- The Washington Times - Sunday, August 13, 2006

Cardinal Theodore E. McCarrick returned to the District yesterday after a three-day trip to meet with religious and political leaders in Lebanon, where Israeli and Hezbollah forces are fighting.

“It is a very disturbing time in Lebanon,” said the cardinal, who in May retired as the Catholic archbishop of Washington. “The worst part is that more children than soldiers are killed. It just breaks your heart.”

Cardinal McCarrick, 76, met with Lebanese President Emile Lahoud and Prime Minister Fuad Siniora and said both are “anxious to stop all the killing.”

After the meeting, he implored both sides to agree to an immediate cease-fire so humanitarian workers could help the nearly 1 million people estimated to be homeless as a result of the conflict.

The United Nations later brokered a cease-fire that is supposed to take effect this morning.

Cardinal McCarrick welcomed the agreement, but he said he will be happier once the fighting stops.

“We have got to give people time to put their lives together,” he said. “I hope the governments don’t spend a lot of time discussing it, then keep fighting.”

Cardinal McCarrick said food and other aid is in Lebanon, but it cannot be delivered to civilians because of the fighting.

“That must change immediately to prevent the loss of even more lives,” the cardinal said earlier this week.

Cardinal McCarrick also expressed frustration at the inability of both sides to stop fighting long enough to help those caught in the middle.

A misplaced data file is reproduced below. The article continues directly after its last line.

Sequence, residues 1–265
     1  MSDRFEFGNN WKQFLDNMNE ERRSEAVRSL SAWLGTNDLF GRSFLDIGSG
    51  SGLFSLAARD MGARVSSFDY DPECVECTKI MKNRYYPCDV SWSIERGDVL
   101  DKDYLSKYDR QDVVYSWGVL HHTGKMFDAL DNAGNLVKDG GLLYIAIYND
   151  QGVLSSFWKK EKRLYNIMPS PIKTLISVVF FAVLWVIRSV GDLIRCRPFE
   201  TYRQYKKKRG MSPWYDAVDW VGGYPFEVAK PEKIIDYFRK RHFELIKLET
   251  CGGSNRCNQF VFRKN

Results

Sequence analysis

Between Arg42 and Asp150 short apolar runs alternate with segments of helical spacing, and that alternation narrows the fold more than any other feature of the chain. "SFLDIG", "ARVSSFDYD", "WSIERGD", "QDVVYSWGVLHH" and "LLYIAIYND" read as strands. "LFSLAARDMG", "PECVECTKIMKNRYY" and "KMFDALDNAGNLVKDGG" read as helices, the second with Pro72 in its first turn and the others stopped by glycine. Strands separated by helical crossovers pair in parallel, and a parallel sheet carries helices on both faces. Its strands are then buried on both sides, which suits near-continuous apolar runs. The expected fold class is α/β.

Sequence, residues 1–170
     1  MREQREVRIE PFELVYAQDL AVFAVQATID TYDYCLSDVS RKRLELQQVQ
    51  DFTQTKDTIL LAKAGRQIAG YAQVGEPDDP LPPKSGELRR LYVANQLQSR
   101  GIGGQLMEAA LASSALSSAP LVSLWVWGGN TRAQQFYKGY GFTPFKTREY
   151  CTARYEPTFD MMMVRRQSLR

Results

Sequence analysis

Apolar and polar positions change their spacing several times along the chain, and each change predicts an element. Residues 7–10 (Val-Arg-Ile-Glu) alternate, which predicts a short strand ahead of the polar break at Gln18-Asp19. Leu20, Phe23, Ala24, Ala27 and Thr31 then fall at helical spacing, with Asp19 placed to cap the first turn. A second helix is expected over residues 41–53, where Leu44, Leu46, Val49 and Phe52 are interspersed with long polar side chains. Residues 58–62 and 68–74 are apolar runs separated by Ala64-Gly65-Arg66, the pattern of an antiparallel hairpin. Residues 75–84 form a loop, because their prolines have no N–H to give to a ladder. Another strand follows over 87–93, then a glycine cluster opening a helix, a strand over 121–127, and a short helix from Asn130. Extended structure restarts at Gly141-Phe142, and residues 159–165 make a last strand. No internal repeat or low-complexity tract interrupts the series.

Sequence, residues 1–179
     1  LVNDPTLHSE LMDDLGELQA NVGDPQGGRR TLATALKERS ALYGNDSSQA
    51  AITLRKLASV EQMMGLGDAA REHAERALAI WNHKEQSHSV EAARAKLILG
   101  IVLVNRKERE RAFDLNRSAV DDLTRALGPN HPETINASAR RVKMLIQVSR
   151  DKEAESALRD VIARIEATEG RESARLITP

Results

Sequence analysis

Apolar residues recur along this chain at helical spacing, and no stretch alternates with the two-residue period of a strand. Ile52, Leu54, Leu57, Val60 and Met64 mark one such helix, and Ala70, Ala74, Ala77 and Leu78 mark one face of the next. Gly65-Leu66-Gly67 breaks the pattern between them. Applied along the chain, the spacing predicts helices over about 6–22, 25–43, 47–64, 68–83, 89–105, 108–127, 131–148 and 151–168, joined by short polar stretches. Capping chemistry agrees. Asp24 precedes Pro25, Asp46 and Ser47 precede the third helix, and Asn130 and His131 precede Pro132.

“We need to protect Israel, but we need to help Lebanon, too,” he said.

The cardinal spent most of yesterday on an airplane — flying on a Jordanian air force plane from Beirut to Amman, Jordan, then to Paris. He arrived at Washington Dulles International Airport at about 5 p.m. looking slightly weary.

He said security at the airports was “very, very tight,” after the announcement last week of a terrorist plot to blow up commercial flights between Britain and the United States.

“They took my toothpaste and hair gel,” he said. “But that doesn’t matter because I don’t have much hair.”

Cardinal McCarrick went to Lebanon as a member of Catholic Relief Services, which plans to spend about $10 million in the Middle East, including the Gaza Strip, northern Israel and Lebanon.

The charity is working with the nonprofit group Caritas Lebanon to provide emergency assistance.

Charity officials said they will focus on giving food, medical care and other help to those without a home and to migrant workers trapped by the fighting.

Cardinal McCarrick said the charity has received little money from people in the United States, which he attributed to “philanthropic fatigue.”

“People asked me to please help, but I am not a general or a politician or a statesman,” he said. “I am a simple priest.”

Cardinal McCarrick has long been interested in international events.

He studied in Europe for a year before entering St. Joseph’s Seminary in Yonkers, N.Y. He has traveled as a human rights advocate before to Lebanon and to places such as Central America, Cuba, Iran, Rwanda and Vietnam.

In January 2000, the president of Lebanon named Cardinal McCarrick an officer in the Order of Cedars of Lebanon.

In December of that year, President Clinton presented him with the Eleanor Roosevelt Human Rights Awards. The cardinal He was installed in January 2001 as archbishop of Washington and was succeeded this year by Bishop Donald W. Wuerl.

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